27 investments in care. These problems can be ameliorated - albeit not eliminated - through contractual liability executed collectively by patients with providers committing to make non-negotiable offers to bear liability or waive it. Nevertheless, this form of contractual liability is inefficient because it creates a new problem adverse selection that produces systematic incentives for patients to waive optimal malpractice liability. On average, patients who need extensive medical care can be expected to value higher cost, higher quality plans more than healthy patients. This implies that liability plans will be more expensive not only because per patient quality is higher, but also because average patient health care costs are higher. This pricing structure will force patients with average health care costs away from liability plans - even when it would be optimal for the vast majority of patients to impose liability because the price they must pay to impose liability includes not only the direct cost of liability, but also the added premium charged to patients with higher than average expected costs. Adverse selection thus will cause many patients to waive off liability. An accrediting body is an independent third party that measures and rates the regulations, safety guidelines, and practices of a service or business. In our context, hospital accreditation is a public recognition by National Healthcare Accreditation Body 19, of the achievement of accreditation standards by healthcare organizations, demonstrated through an independent external peer assessment of that organization s level of performance in relation to the standards. In India, the heath system currently operates within an environment of rapid social, economical and technical changes. Such changes raise the concern for the quality of health care. Hospital is an integral part of health care system. Accreditation would be the single most important approach for improving the quality of services supplied by the hospitals. Accreditation is an incentive to improve capacity of national hospitals to provide quality of care. National accreditation system for hospitals ensure that hospitals, whether public or private, national or expatriate, play there expected roles in national health system. The benefits of accreditation to patients include high quality of care and patient safety, respect and protection of the rights of patients along with regular evaluation of patient satisfaction. Accreditation to a hospital stimulates continuous improvement. It enables hospital in demonstrating commitment to quality care. It raises community confidence in the services provided by the hospital and also provides opportunity to healthcare unit to benchmark with the best. National Accreditation Board for Hospitals and Healthcare Providers is a constituent board of Quality Council of India 20, set up to establish and operate accreditation programme for healthcare organizations in India. NABH has been established with the objective of enhancing health system & promoting continuous quality improvement and patient safety. NABH provides accreditation to hospitals in a non- discriminatory manner regardless of their ownership, legal status, size and degree of independence. International 19 NABH is a constituent board of Quality Council of India. 20 QCI. 18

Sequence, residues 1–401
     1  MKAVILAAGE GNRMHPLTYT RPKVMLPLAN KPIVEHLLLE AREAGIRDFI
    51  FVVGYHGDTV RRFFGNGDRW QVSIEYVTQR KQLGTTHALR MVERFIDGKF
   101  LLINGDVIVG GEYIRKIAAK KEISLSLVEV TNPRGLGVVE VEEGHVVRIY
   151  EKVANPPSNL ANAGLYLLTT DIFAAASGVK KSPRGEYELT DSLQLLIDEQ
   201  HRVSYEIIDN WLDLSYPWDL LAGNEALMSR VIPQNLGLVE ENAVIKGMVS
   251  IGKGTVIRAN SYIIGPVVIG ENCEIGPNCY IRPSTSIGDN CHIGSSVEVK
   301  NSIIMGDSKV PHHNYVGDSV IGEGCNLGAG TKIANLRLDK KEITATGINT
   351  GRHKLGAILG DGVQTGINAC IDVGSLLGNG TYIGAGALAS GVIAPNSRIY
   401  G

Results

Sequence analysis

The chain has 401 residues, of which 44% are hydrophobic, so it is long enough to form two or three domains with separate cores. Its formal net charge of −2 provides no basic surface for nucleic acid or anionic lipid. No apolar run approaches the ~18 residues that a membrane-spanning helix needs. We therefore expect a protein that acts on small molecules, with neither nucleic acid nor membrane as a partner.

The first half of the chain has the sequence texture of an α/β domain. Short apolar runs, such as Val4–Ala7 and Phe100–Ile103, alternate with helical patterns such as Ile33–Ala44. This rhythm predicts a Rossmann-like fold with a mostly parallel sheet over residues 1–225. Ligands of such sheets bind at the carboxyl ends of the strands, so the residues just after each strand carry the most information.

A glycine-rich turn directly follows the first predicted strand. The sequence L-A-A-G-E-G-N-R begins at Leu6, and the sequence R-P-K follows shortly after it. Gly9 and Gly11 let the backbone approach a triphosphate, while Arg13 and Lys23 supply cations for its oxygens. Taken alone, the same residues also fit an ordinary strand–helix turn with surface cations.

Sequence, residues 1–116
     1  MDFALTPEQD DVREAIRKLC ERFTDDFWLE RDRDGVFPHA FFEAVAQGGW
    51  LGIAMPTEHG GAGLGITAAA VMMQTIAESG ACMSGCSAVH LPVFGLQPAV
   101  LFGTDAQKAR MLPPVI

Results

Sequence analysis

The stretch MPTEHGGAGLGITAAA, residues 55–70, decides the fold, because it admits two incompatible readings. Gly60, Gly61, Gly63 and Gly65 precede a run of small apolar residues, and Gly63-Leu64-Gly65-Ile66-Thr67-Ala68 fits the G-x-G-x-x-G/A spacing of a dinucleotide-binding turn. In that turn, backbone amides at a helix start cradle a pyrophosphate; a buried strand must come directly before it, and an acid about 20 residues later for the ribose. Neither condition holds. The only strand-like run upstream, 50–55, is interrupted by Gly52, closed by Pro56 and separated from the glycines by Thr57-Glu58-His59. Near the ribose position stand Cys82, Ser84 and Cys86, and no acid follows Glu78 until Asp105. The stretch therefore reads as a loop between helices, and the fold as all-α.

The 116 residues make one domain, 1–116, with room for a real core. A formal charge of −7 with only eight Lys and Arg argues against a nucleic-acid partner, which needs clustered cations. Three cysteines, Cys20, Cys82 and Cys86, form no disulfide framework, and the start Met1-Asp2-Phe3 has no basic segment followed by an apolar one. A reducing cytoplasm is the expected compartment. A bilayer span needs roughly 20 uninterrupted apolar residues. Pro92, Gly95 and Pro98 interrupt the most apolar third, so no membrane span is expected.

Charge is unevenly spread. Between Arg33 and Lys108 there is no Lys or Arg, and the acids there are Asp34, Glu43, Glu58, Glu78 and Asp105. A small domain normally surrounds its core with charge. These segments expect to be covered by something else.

28 Society for Quality in Healthcare 21 has accredited Standards for Hospitals developed by NABH, India. The approval of ISQua authenticates that NABH standards are in consonance with the global benchmarks set by ISQua. The hospitals accredited by NABH will have international recognition. NABH Standards has ten chapters incorporating 100 standards and individual standard has specific objective elements concerning Access, Assessment and Continuity of Care, Patient Right and Education, Care of Patient, Management of Medication, Hospital Infection Control, Continuous Quality Improvement, Responsibility of Management, Facility Management and Safety, Human Resource Management, Information Management System etc. Though accreditation of health care providers does provide a mean for achieving efficiency in the system of medical liability, but the process is very much in its nascent phase in India. Also, it needs to be pointed out that while minimum standards are to be mandatory, accreditation is to be of voluntary nature. In addition, the accreditation board while being supported by all stakeholders, including industry, consumers, government, has fully functional autonomy in its operation. It is though true that the health ministry has supported the initiatives towards accreditation, it is yet to give it greater importance. The ministry needs to give equal importance to both regulation and accreditation for the sake of quality healthcare. It should consider the fast changing nature of quality benchmarks in healthcare sector and make the accreditation system as dynamic as possible. The standards should be periodically revised and today's desirable standards should become tomorrow's minimum standards. That is the only way how there can be continuous up gradation of healthcare standards in the country. It must ensure that the link between the "National Board" that decides the minimum standards in healthcare and the "Accreditation Board" which prescribes multilevel standards for the same establishments should have strong linkages. The working relationship between these two bodies can result in periodic revision of mandatory standards. However, it cannot be denied that all kinds of "voluntary" quality up gradation options would remain only in urban India and will have no impact on thousands of rural healthcare establishments. But nevertheless, it is sure to benefit patients and health care providers alike. THE INDIAN MEDICAL COUNCIL (AMENDMENT) ORDINANCE, 2013 AN ORDINANCE FURTHER TO AMEND THE INDIAN MEDICAL COUNCIL ACT, This Ordinance seeks to achieve the following objectives: The Indian Medical Council Act, 1956 was enacted for the purpose of reconstituting the Medical Council of India (Council) and to provide for the maintenance of the Indian Medical Register and for matters connected therewith. The Act was amended, inter alia, by the Indian Medical Council (Amendment) Act, 2010 superseding the Council for one year with effect from the 15th May, 2010 and providing for the constitution of a Board of 21 ISQua. 22 Annexure-I/1. 19